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A man fishes at part of the Mekong River where the proposed Don Sahong dam project would be constructed in southern Laos.  INTERNATIONAL RIVERS
A man fishes at part of the Mekong River where the proposed Don Sahong dam project would be constructed in southern Laos. INTERNATIONAL RIVERS

No agreement on Laos dam

A meeting between the four member states of the Mekong River Commission (MRC) over the controversial Don Sahong hydropower dam yielded no consensus yesterday, meaning that Cambodia, Thailand and Vietnam will have to take their misgivings over the Lao project to the commission’s highest body.

All three neighbouring countries have asserted that Laos is obliged under MRC regulations to submit to a round of prior consultation and allow technical assessments of the dam’s impact due to the fact that the dam is situated on the Mekong’s mainstream – a contention that Laos continued to deny yesterday, according to an MRC statement released after the meeting.

“At the meeting, Cambodia, Thailand and Viet Nam insisted that the project should undergo the Prior Consultation process. They raised particular concerns on the project’s potential impacts on fish migration routes as the Hou Sahong has been the major migration channel for fish to migrate in the dry season,” the statement reads. “Lao PDR clarified that two channels adjacent to the Hou Sahong, Hou Sadam and Hou Xangphuaek, can be used as alternative fish migration routes.”

However, Cambodian delegation leader Te Navuth was quoted as saying if those alternative routes don’t work, “the dam will have impacts on food security and nutrition in Cambodia”.

Due to the lack of agreement, the matter of whether the dam falls on the Mekong mainstream – and therefore requires prior consultation – will now go before the MRC Council, which is comprised of the water and environment ministers of the member countries. But despite being the MRC’s highest governance body, the Council has no legal authority to compel Laos to halt the dam and consent to consultation, said MRC Secretariat communications officer Surasak Glahan.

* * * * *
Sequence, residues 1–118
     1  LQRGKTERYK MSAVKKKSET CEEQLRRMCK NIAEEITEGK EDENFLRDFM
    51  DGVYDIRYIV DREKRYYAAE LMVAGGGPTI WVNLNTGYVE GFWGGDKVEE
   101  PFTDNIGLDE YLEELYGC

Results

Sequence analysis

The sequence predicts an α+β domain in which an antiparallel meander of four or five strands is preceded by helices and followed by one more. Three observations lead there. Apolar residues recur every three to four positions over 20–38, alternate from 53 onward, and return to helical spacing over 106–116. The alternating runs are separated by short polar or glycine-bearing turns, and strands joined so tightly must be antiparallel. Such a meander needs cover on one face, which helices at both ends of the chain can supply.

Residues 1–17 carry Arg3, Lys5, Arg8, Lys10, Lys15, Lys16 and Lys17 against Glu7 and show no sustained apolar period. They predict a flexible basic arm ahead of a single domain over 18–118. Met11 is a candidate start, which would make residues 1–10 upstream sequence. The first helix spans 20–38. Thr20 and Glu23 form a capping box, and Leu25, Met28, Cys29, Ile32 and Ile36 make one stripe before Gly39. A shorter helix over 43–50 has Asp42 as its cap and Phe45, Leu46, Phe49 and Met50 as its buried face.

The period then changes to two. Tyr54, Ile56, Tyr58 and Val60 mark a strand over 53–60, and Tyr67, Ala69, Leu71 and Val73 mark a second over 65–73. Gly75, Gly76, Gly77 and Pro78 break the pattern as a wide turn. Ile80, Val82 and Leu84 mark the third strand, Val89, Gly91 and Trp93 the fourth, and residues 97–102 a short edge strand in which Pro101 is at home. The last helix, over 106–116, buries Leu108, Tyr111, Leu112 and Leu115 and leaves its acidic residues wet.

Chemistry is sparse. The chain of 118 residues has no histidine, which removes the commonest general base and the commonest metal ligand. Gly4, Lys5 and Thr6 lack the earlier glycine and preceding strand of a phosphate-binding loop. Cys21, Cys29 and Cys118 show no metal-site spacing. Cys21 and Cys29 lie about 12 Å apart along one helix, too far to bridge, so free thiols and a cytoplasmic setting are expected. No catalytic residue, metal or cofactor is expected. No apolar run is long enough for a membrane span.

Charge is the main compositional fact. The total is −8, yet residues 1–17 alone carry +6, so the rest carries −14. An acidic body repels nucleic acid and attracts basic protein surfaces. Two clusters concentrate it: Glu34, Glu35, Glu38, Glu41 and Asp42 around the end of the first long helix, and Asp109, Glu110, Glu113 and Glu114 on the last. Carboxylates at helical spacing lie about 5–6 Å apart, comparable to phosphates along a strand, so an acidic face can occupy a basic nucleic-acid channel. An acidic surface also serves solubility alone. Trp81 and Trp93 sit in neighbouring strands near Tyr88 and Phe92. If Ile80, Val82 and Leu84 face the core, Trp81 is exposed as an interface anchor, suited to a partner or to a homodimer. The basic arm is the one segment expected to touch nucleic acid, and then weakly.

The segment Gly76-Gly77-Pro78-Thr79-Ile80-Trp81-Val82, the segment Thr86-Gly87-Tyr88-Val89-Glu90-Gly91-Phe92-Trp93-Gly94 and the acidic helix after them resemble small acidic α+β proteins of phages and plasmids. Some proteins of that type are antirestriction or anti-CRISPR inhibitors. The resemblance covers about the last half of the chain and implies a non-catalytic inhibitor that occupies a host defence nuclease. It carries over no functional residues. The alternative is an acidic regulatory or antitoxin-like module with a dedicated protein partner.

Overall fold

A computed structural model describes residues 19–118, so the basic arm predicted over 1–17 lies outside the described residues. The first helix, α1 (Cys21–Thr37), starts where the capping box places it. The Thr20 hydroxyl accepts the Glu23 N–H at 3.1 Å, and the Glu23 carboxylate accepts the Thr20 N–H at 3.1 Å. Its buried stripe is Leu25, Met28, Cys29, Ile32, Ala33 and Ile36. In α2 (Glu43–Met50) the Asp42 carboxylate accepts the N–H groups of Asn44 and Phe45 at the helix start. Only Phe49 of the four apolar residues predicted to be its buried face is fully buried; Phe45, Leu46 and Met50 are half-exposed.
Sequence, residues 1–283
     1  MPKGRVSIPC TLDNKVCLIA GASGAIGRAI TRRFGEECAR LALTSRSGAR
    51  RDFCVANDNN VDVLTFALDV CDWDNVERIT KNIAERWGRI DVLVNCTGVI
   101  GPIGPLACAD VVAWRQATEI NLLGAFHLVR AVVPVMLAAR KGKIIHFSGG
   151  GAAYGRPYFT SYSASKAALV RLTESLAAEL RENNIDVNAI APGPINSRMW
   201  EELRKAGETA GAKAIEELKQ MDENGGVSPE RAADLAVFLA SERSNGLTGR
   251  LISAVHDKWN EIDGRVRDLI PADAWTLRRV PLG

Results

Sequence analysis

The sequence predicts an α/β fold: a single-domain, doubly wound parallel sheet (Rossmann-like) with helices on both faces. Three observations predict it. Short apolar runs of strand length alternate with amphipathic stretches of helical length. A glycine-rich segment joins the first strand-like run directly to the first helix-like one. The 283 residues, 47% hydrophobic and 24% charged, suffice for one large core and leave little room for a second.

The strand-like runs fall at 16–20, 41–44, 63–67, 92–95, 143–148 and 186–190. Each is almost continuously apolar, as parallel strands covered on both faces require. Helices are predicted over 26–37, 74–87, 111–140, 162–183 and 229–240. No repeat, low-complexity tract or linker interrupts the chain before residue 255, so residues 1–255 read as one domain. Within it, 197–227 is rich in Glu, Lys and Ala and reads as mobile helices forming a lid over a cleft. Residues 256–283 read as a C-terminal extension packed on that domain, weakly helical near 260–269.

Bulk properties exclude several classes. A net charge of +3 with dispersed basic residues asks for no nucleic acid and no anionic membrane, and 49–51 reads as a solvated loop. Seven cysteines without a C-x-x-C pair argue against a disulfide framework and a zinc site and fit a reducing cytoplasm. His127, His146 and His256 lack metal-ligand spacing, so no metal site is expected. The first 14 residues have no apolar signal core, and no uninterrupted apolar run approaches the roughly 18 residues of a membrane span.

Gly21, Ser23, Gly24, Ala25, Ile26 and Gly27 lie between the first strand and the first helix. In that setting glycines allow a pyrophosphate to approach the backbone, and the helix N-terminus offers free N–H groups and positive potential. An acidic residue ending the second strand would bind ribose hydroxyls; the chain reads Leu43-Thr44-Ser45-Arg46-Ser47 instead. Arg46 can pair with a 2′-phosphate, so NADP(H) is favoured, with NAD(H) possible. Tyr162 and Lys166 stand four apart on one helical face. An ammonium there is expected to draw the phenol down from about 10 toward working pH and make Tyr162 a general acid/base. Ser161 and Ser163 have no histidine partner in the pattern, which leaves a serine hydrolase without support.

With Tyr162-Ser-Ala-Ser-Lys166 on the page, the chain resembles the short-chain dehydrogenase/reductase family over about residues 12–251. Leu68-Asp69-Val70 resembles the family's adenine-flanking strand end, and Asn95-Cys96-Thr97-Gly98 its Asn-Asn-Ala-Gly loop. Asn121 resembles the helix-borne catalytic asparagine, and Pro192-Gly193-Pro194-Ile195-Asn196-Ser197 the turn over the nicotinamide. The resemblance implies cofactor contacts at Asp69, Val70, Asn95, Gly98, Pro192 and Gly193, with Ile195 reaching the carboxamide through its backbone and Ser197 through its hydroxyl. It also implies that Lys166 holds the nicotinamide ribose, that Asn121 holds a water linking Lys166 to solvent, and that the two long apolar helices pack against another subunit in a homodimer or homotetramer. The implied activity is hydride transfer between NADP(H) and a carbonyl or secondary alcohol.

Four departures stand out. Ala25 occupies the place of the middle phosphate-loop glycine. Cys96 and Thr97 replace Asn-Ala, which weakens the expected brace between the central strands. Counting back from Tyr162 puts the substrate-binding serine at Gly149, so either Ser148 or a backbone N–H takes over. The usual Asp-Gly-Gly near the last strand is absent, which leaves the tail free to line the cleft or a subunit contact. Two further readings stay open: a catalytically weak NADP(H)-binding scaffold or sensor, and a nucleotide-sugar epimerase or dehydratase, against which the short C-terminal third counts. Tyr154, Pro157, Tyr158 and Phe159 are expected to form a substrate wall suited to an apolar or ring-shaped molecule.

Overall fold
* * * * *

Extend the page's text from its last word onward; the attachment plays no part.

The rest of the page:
“If they still have divergent views [after the Council meeting], they can still ask the governments of the four countries to consider the issue,” Surasak said via email. “If this cannot be resolved at the government level, they can seek international arbitration (but this has never happened).”

Though the dam’s proposed site is located in an area where the Mekong’s stream is split into channels by dozens of islands, “there’s no question that this is the mainstream Mekong,” said Ame Trandem, Southeast Asia program director of NGO International Rivers.

“If Laos wants to act in good faith, it should go through prior consultation,” she said.

“This channel is the most important channel in that area for fish migrations,” Trandem said.

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